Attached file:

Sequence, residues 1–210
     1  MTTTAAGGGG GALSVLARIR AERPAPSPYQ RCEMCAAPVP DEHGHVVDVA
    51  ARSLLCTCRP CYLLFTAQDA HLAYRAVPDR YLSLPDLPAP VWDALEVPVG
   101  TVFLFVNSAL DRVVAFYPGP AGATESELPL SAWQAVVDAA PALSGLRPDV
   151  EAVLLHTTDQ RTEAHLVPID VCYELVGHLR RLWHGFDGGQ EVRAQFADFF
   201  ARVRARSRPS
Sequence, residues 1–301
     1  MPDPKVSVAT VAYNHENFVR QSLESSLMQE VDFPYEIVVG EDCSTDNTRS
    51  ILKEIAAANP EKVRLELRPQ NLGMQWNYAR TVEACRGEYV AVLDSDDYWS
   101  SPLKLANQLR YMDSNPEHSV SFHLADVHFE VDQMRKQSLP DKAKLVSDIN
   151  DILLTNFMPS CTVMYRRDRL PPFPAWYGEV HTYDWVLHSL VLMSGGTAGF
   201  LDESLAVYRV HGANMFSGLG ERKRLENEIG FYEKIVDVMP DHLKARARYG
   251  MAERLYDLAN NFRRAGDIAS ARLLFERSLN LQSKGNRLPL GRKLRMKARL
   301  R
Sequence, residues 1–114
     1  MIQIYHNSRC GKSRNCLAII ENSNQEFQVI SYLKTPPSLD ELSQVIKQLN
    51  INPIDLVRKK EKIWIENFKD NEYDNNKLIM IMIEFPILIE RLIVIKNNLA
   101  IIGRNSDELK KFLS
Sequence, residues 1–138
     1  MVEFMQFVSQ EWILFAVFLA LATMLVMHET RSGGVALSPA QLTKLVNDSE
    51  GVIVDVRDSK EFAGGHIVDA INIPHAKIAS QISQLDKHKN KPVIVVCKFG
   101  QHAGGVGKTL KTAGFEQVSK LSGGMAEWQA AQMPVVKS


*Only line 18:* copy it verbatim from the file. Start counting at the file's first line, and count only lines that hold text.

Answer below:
   101  IIGRNSDELK KFLS